GLOBAL HEALTH SECURITY: INVESTING GLOBALLY MATTERS LOCALLY

This post was written by Anupama Varma, Communications Associate at Global Health Council.

The panel of speakers at the event.

A disease outbreak anywhere is a risk everywhere.” – Dr. Tom Frieden, former Director of the Centers for Disease Control and Prevention (CDC).

In today’s world, when diseases can reach American borders in less than twelve hours, it is more imperative than ever that the global health community open space for dialogue on global health security. The World Bank estimates that the United States could have a loss of $80 billion dollars each year due to a global health security risk. Hence, the country must be prepared. The latest initiative, the Global Health Security Agenda (GHSA), aims to improve transparency through Joint External Evaluations (JEE) and develop lasting multilateral relationships among WHO member nations in order to ensure a world safe and secure from infectious disease threats.

Global health security starts at home – making sure the United States has the tools to prevent, detect, and respond to health threats. It is also critical that efforts address building systems and capacity in low- and middle-income countries with weak health infrastructures that prevent them from adequately responding to disease outbreaks. As Amie Batson, Chief Strategy Officer and Vice President of Strategy and Learning at PATH, reminds us, “We are only as strong as the weakest country in the system.”

Dr. David Smith, Acting Assistant Secretary of Defense for Health Affairs, delivers keynote speech.

In July, Global Health Council (GHC) partnered with one of its organizational members, Friends of the Global Fight Against AIDS, Tuberculosis and Malaria, to host “Global Health Security: Investing Globally Matters Locally,” on Capitol Hill focused on current and future global health security efforts. Friends of the Global Fight also released a new brief highlighting how U.S. investments in bilateral health programs fighting HIV/AIDS, tuberculosis and malaria, in coordination with strategic investments in The Global Fund to Fight AIDS, Tuberculosis and Malaria (The Global Fund), save millions of lives and protect the U.S. from future disease threats. Dr. David Smith, Acting Assistant Secretary of Defense for Health Affairs, delivered the keynote speech, and a panel of speakers from PATH, the U.S. Department of Health and Human Services (HHS), Center for Strategic and International Studies (CSIS), and CDC discussed how investments in global health prevent epidemics at their sources and reduce the likelihood that infectious diseases will undermine public health in the United States.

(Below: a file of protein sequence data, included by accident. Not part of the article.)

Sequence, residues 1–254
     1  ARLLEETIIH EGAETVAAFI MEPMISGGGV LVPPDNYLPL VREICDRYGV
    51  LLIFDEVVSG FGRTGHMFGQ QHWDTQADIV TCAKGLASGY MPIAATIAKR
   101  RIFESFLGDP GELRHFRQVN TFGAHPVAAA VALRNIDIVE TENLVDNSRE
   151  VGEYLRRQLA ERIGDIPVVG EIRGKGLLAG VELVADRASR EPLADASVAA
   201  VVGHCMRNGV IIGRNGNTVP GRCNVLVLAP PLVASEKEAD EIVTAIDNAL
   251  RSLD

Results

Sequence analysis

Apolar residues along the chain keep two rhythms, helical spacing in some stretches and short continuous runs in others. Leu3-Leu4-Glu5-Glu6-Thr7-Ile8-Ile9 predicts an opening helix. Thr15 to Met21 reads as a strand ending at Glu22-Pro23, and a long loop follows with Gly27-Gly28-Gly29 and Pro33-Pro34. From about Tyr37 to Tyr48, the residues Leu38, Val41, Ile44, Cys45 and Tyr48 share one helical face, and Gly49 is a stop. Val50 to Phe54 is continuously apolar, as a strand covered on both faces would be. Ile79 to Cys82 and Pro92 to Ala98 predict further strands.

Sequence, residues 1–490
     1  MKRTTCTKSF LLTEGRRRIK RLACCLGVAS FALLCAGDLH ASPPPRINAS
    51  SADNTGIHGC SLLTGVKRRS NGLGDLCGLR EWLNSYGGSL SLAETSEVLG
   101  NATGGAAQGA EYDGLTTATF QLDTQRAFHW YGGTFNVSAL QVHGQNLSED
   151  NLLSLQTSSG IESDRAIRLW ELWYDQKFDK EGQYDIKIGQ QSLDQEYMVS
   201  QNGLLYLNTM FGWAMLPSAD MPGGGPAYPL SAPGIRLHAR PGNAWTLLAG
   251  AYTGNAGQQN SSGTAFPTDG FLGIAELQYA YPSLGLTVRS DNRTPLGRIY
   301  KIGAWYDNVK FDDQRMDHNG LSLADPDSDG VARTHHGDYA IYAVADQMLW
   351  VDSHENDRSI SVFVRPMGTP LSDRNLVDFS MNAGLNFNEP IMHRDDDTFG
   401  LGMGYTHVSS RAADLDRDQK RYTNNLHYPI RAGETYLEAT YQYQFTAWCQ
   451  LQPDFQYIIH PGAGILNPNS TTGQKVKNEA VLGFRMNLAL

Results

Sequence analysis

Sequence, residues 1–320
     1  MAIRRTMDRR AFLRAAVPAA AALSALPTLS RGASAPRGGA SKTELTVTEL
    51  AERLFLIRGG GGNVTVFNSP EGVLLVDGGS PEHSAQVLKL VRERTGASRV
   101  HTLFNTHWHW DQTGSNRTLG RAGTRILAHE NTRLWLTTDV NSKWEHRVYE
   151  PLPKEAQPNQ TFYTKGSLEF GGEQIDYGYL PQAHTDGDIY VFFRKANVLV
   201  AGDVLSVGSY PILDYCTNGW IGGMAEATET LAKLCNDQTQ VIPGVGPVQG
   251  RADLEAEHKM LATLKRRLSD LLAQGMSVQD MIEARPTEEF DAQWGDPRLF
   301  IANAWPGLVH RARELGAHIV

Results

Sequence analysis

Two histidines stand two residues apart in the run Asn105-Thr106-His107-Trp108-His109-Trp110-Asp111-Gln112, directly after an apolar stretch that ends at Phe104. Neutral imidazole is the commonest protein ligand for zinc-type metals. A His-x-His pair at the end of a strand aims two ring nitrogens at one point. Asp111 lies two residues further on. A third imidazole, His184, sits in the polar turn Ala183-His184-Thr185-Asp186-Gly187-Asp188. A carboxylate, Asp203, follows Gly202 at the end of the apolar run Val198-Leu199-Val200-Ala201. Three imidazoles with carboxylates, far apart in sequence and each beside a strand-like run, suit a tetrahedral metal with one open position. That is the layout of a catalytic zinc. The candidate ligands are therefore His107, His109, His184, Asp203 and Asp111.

The key takeaways from the panel discussion include:

1.) Technical expertise for global health security exists, but designated leadership is required.

2.) Epidemic preparedness is critical in order to ensure economic, social, and political security, as well as the stability of all nations, including the U.S.  As Garrett Grigsby, Director of the Office of Global Affairs at HHS, reiterated, “We can pay now, or we can pay a lot more later.”

3.) According to Dr. Nancy Knight, Director of the Division of Global Health Protection at CDC, “The key to successful global health security efforts lies in community-based response.”

4.) The focus of global health security is on four core areas: improving surveillance systems, strengthening laboratory capacity and capability, developing a robust global health workforce, and building a strong emergency operations and response system.

5.) The GHSA has become a model for governments to emphasize ownership of their borders.

6.) It is critical to work not only with governments and international organizations, but also with the private sector to increase the impact of global health security efforts.

7.) According to Dr. Audrey Jackson, Senior Fellow at CSIS’s Global Health Policy Center, tuberculosis (TB) remains a primary health threat to the U.S., and multilateral relationships such as The Global Fund are critical to fight TB.

Ultimately, U.S. leadership is key to the global health security vision and mission, and could help save millions of American lives both here and abroad.

Download the Friends of the Global Fight brief.
View Dr. David Smith’s keynote speech.
Advocate for global health security using facts and figures and success stories from GHC’s Global Health Briefing Book.
Join GHC’s Global Health Security Roundtable. The purpose of the Roundtable is to provide a space for NGOs, private sector organizations, and academia to work together to advance sound policy and advocate for robust investment in global health security. Learn more.